Wolf dog ownership requires diligent training, as this canine cross has characteristics that can make them a challenging addition to a family. It's important to know that some wolf dogs are more like wolves than they are like dogs and their temperament can differ greatly from that of a Siberian Husky or an Alaskan Malamute. Still, for the right pet owner, they make a delightful addition to the family. Gaining some knowledge about the crossbreed before welcoming one into your home will set you and your pup off on the right foot.
Wolf Dog History
First, let's examine the terms used to refer to wolf dogs, as it can be confusing. In the past, the term "wolf hybrid" was commonly used for wolf dogs. But this term isn't actually accurate. The word "hybrid" refers to the cross of two different species and since dogs are classified as Canis lupus familiaris, a subspecies of wolves (Canis lupus), this term is incorrect. As you can see, there is no second species introduced when breeding a dog with a wolf, making the hybrid term antiquated (although it is still commonly used in literature). Today, both government and veterinary organizations refer to this crossbreed as a "wolf-dog hybrid."
Back in the day, gray wolves were commonly bred with dogs create this type of cross (as were eastern timber wolves, red wolves, and Ethiopian wolves). But with the mixing out of genes over several generations, it's fair to say that you may get more dog than wolf in the gene pool. Think German Shepherds, for instance—a breed that was originally derived from a wolf.
Wolf Dog Personalities
Generally speaking, the more wolf in the mix, the more feral this dog will act. This "wildness" will also depend on the number of generations that your wolf dog is away from its first breeding. Wolves are not domesticated, so deliberate socialization and training of wolf breeds is needed to assure their integration into the modern world. Wolf dogs with higher percentages of wolfs tend to be destructive, especially when confined to the house (stemming from their natural tendency to dig). They're also escape artists, making this type of pet suitable only for those who have time to spend with them. If you work from 9:00 a.m. to 5:00 p.m. Monday through Friday, maybe choose another type of pet.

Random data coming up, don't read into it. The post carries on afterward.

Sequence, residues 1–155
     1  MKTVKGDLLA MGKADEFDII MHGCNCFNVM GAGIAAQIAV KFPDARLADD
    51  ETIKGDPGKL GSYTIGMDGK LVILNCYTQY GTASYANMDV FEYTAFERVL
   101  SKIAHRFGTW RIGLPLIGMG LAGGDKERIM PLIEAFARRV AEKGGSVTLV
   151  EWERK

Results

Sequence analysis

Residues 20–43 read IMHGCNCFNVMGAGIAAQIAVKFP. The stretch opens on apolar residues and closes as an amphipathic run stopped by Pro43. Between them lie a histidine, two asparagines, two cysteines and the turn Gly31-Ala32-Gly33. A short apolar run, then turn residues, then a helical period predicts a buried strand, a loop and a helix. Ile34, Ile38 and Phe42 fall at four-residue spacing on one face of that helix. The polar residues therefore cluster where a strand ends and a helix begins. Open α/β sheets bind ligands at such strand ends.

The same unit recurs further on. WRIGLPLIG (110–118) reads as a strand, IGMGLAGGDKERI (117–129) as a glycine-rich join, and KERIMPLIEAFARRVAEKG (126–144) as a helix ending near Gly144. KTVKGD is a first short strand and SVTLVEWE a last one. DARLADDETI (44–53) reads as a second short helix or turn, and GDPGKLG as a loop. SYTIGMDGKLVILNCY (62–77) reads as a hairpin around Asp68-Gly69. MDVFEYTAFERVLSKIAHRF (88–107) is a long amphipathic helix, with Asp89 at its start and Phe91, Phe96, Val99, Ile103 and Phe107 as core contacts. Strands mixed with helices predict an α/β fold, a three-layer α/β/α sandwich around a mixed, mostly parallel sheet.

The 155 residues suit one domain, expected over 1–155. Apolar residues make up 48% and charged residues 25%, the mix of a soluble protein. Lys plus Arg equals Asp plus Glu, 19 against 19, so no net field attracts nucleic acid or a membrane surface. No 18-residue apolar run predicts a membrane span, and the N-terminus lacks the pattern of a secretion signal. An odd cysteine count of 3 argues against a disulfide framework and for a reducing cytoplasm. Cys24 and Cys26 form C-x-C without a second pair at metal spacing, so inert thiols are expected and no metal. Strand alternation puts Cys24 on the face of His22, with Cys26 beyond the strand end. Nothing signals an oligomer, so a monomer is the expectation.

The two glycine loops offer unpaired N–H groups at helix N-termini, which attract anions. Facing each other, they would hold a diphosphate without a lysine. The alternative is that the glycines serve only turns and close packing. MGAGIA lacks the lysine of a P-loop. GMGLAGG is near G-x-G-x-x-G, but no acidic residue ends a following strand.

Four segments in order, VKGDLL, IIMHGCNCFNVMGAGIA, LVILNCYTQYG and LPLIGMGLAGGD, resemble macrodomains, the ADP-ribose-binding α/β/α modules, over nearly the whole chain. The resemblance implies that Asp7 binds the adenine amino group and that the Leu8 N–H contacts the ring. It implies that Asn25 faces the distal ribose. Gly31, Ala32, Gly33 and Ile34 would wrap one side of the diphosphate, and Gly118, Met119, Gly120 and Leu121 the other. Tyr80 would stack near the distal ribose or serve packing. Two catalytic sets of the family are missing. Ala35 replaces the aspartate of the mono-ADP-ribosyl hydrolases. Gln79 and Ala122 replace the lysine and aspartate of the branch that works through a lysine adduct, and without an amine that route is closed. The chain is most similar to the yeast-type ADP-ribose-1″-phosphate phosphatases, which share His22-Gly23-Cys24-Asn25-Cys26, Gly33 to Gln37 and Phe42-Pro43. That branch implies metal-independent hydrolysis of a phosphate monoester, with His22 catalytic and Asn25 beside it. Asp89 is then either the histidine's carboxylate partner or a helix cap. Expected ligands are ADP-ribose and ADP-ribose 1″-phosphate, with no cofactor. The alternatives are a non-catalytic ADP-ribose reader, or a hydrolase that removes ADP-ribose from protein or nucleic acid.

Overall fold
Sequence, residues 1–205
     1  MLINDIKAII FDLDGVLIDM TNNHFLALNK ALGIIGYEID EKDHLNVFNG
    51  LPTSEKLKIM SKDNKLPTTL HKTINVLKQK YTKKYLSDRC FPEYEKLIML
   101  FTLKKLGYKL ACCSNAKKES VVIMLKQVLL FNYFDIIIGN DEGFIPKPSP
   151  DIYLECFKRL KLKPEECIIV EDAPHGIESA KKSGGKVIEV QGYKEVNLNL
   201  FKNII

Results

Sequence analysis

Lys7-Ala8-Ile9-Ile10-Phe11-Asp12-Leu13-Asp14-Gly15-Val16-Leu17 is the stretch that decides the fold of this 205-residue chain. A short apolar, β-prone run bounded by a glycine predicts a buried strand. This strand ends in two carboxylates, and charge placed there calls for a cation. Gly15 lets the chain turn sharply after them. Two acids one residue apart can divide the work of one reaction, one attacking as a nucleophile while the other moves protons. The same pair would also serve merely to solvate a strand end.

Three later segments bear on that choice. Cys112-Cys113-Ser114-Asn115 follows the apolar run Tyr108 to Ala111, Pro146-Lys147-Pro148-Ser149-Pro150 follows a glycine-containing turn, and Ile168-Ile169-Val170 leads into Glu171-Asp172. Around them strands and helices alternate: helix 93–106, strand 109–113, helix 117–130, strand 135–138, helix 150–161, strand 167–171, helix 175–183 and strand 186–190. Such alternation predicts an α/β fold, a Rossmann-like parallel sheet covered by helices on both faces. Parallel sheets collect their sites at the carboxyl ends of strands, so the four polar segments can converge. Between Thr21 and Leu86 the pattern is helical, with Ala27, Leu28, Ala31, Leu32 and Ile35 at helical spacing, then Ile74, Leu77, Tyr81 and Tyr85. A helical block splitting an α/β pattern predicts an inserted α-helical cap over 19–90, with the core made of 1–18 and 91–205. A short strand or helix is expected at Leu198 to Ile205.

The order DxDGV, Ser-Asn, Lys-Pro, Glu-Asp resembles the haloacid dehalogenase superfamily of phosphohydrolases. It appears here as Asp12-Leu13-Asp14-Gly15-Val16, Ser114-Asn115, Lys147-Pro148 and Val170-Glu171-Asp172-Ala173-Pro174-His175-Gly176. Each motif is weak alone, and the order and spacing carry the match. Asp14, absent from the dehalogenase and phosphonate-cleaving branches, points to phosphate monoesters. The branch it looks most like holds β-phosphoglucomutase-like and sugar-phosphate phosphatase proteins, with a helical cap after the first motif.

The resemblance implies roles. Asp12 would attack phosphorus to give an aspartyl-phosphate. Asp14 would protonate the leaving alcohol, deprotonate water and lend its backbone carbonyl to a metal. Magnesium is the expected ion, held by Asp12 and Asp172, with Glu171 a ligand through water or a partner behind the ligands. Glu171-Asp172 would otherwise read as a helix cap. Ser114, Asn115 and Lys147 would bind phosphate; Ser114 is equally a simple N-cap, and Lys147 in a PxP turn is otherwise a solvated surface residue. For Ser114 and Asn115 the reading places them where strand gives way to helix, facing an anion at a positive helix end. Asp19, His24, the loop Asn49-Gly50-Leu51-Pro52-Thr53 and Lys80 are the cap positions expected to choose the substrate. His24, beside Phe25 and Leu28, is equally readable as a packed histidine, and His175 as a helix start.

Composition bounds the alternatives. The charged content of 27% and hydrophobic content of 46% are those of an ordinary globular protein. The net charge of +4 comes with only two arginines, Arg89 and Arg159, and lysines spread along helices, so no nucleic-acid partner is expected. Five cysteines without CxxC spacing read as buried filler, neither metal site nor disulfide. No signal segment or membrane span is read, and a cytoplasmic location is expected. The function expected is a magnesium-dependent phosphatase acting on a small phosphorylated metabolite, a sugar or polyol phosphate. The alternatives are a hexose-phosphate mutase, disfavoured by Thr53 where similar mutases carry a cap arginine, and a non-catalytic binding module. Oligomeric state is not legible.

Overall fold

Wolf dogs also benefit from exposure to lots of different people, locations, and situations as pups to prevent them from being skittish and potentially fearful (which can lead to biting). And training, in general, poses additional challenges, as wolf dogs are not as eager to please their trainer as a domestic dog who is bred and raised to do so. Hormone changes at sexual maturity add another layer to a wolf dog's unpredictability, so consider this factor when before getting one.
Wolf Dog Laws
As with any other exotic pet, the legality of wolf dogs in your area should be verified before considering an adoption or purchase. Certain permits and enclosure requirements may be necessary to keep a wolf dog as a pet.
No licensed vaccines exist for wolf dogs but the off-label use of domestic canine vaccinations are often recommended by veterinarians and wolf dog advocates. It is important to note, however, that if a wolf dog bites someone—vaccinated or not—the government will treat that animal as though they were unvaccinated (often leading to euthanasia).
Wolf Dogs as Pets
As with other exotic pets (and pets in general), many wolf crosses end up in rescue facilities due to the unrealistic expectations of their owners. Sadly, many wolf dogs are also mistreated due to poor socialization skills and training. Luckily, there are groups available who encourage responsible wolf dog ownership and advocate for this breed. But even with public education in place, organizations such as the Humane Society of the United States still deem wild animals unsuitable as pets.
Overall, the sometimes unpredictable nature of a wolf dog and its genetic differences from a domesticated dog can pose problems for owners who are not ready for the challenge. But for owners who have the time and resources, a wolf dog can make a great pet. Be realistic about both your expectations and your availability before embarking on this endeavor. Just because you want a "wild-looking" dog, remember, wolf dogs aren't the best choice for everyone. Maybe try a German Shepherd instead.